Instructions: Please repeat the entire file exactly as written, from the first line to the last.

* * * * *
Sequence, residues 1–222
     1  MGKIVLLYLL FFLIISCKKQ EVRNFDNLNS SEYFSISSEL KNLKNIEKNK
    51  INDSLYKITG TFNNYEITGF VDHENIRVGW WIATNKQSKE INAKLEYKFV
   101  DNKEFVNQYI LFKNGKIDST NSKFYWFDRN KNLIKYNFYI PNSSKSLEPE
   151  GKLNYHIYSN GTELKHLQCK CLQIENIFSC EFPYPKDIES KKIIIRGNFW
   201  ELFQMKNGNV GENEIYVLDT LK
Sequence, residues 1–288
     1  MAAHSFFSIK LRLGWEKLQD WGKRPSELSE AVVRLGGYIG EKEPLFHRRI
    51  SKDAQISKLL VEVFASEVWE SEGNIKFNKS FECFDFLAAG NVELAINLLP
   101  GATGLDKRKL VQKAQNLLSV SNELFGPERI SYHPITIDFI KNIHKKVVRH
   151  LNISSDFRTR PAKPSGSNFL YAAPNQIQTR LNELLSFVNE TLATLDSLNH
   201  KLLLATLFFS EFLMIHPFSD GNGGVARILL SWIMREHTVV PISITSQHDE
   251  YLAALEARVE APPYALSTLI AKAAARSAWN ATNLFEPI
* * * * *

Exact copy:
Sequence, residues 1–222
     1  MGKIVLLYLL FFLIISCKKQ EVRNFDNLNS SEYFSISSEL KNLKNIEKNK
    51  INDSLYKITG TFNNYEITGF VDHENIRVGW WIATNKQSKE INAKLEYKFV
   101  DNKEFVNQYI LFKNGKIDST NSKFYWFDRN KNLIKYNFYI PNSSKSLEPE
   151  GKLNYHIYSN GTELKHLQCK CLQIENIFSC EFPYPKDIES KKIIIRGNFW
   201  ELFQMKNGNV GENEIYVLDT LK
Sequence, residues 1–288
     1  MAAHSFFSIK LRLGWEKLQD WGKRPSELSE AVVRLGGYIG EKEPLFHRRI
    51  SKDAQISKLL VEVFASEVWE SEGNIKFNKS FECFDFLAAG NVELAINLLP
   101  GATGLDKRKL VQKAQNLLSV SNELFGPERI SYHPITIDFI KNIHKKVVRH
   151  LNISSDFRTR PAKPSGSNFL YAAPNQIQTR LNELLSFVNE TLATLDSLNH
   201  KLLLATLFFS EFLMIHPFSD GNGGVARILL SWIMREHTVV PISITSQHDE
   251  YLAALEARVE APPYALSTLI AKAAARSAWN ATNLFEPI